A Simple Guide to M Class Dust Extractors
What is an L Class, M Class and H Class Dust Extractor?
This is one of the most common questions our customers ask. To help answer this, we’ve put together a simple guide to take you through what you need to know.
M Class in the Workplace
In the construction industry, health & safety is understandably key. There are so many hazards on building sites that employees’ personal health and safety can be at risk.
One of the most significant hazards that workers face is from construction dust created by power tools. If you can see dust then you’re probably breathing it in. Long-term exposure to certain dusts can lead to chronic illnesses such as lung disease, silicosis and cancer. As such, the HSE (the government run Health & Safety Executive) have made dust a primary focus, giving out fines of up to £2000 where inefficient, incorrect, or no dust extraction is being used.
To keep everyone safe, it’s crucial that your tools are right for the job. Having a vacuum cleaner with a certified level of dust extraction is a vital part of this. It not only keeps you within the law, but also minimises your exposure and keeps the potentially harmful dust particles safely contained.
There are three levels of classification; low, medium and high. Each level is suitable for extracting certain materials. The type of dust you’re working with and how harmful it is, determines the level of classification.
‘L’ Class extractors are suitable for lower toxicity dusts such as soft woods (cedar, pine, yew), while ‘M’ Class extractors, being the next step up, are used for hard woods, bricks and concrete. ‘H’ Class vacuum cleaners have the highest level of filtration and are used to extract extremely harmful materials such as asbestos, formaldehyde and even carcinogenic substances.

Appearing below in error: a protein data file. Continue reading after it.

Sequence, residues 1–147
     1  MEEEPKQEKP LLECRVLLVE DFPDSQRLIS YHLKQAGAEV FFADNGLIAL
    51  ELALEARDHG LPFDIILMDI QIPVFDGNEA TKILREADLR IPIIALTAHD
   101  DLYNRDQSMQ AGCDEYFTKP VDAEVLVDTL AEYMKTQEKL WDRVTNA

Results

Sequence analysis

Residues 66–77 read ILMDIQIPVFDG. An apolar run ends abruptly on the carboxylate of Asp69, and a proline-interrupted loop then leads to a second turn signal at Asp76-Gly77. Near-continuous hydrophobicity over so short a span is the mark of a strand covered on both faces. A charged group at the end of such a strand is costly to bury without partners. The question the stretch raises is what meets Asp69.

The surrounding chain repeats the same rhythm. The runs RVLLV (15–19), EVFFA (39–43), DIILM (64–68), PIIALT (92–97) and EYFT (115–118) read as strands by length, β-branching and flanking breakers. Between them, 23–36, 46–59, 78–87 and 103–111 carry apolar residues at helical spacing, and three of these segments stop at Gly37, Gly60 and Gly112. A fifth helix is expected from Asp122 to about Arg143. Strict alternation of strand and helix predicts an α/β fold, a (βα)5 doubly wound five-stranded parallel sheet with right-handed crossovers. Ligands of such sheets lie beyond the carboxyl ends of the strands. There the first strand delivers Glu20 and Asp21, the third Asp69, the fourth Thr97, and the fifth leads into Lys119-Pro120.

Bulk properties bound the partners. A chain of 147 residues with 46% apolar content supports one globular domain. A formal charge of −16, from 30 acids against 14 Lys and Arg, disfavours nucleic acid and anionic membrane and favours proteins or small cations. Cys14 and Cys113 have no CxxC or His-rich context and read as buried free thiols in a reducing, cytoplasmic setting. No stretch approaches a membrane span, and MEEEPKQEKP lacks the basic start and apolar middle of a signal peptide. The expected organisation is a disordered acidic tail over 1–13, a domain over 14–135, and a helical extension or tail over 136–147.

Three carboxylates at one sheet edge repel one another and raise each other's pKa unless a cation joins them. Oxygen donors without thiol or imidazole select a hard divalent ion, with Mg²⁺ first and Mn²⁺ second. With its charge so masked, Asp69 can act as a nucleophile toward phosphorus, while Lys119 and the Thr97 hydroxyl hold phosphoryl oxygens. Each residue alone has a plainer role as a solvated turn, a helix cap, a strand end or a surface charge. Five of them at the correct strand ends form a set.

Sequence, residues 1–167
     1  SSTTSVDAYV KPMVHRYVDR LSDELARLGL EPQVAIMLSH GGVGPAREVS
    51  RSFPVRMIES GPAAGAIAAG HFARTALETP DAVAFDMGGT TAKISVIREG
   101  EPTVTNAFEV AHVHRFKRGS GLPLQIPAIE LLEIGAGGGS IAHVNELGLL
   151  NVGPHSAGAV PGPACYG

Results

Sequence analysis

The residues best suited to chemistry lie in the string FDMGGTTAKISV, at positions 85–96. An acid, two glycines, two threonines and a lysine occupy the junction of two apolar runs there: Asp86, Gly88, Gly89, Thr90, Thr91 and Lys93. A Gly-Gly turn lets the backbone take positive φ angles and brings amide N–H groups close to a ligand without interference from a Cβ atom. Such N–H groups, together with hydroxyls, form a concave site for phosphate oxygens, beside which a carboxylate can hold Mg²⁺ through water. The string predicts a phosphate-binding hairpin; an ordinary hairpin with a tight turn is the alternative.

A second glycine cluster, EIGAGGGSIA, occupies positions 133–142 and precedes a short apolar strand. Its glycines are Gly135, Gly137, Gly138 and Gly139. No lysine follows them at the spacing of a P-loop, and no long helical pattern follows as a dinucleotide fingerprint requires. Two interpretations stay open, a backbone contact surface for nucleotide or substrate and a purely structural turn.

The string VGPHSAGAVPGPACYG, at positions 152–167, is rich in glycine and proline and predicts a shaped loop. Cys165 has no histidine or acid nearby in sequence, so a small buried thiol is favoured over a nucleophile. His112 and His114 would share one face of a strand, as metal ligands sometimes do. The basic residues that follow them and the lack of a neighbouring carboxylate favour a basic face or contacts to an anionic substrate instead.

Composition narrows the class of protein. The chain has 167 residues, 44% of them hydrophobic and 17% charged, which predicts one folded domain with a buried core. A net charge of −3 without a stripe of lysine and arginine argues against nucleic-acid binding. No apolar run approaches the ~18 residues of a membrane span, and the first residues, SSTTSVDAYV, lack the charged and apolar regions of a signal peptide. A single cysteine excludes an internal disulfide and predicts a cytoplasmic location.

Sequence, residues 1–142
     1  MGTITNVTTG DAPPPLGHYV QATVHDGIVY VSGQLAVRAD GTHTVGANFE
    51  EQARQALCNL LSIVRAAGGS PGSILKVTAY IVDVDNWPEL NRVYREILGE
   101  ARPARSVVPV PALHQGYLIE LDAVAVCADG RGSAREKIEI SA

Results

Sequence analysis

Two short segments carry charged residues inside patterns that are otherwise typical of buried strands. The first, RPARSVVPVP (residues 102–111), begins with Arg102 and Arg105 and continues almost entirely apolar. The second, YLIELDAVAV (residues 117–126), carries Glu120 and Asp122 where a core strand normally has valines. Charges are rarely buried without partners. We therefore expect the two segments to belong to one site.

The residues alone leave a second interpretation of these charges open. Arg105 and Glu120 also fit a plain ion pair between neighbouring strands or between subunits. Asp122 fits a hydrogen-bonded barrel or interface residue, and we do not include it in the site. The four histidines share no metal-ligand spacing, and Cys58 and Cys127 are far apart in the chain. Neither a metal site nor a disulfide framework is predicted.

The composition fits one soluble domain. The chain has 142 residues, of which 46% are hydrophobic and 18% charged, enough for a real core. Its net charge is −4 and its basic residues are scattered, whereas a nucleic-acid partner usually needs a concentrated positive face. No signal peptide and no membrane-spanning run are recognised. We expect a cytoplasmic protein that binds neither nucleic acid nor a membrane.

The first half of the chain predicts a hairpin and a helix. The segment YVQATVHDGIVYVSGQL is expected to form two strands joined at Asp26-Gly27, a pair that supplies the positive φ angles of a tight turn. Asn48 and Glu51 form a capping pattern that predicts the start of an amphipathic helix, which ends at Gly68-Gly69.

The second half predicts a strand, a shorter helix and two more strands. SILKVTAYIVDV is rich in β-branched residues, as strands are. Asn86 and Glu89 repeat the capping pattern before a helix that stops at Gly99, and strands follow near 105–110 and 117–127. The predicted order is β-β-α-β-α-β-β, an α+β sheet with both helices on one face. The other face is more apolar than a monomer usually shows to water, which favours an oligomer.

The table below is a quick guide to which level of classification is suitable for which materials. A more comprehensive guide can be found on the HSE website.
DUST CLASSIFICATION TABLE
|DUST CLASS||DUST CATEGORY||OCCUPATIONAL EXPOSURE LIMITS (mgm3)||FINAL FILTER EFFICIENCY %|
|L||Soft woods, gypsum, plasterboard, Corian||>1||>99|
|M||Hard woods, paint, plastics, concrete, brick||>0.1||>99.9|
|H||Lead,carbon, tar, asbestos, formaldehyde, mould, bacteria, copper, nickel||<0.1||>99.995|
Of course, staying safe in the workplace isn’t the only benefit of having an L-class 110V vacuum cleaner. Some professional and industrial models also feature a power take-off facility. This allows you to plug your power tool directly into the vacuum cleaner, automatically turning it on and off with the switch on your tool. In a busy working environment this means you can vacuum as you work, saving vital time.
Our Vacmaster 110V L-Class vacuum cleaner comes with a power tool take-off socket and also features delayed shut-off. This is where the vacuum continues to run for around five seconds after the power tool has been switched off, to clear both the tool and hose of any remaining dust.
How to Identify a Classified Vacuum Cleaner
L-class & M-class dust extractors that have been certified as meeting HSE standards are easy to spot. The level of classification should be prominently displayed in the form of a sticker attached to the machine (see our picture above). If it doesn't have the sticker and you're in doubt as to whether it's classified or not, contact the the manufacturer. They should be able to provide a certificate of classification. To earn their certificates, vacuum cleaners must be equipped with approved filters which have passed through a specialised test at an accredited institute to ensure that they're fit for purpose. The higher the level of classification, the more tests it will have passed through, with more specialised equipment. For this reason, you can expect to pay more for a classified machine than you would for a standard household vacuum cleaner.
Don’t leave it there! If you have any comments or questions, please send us an email at firstname.lastname@example.org.
Posted by Cleva Team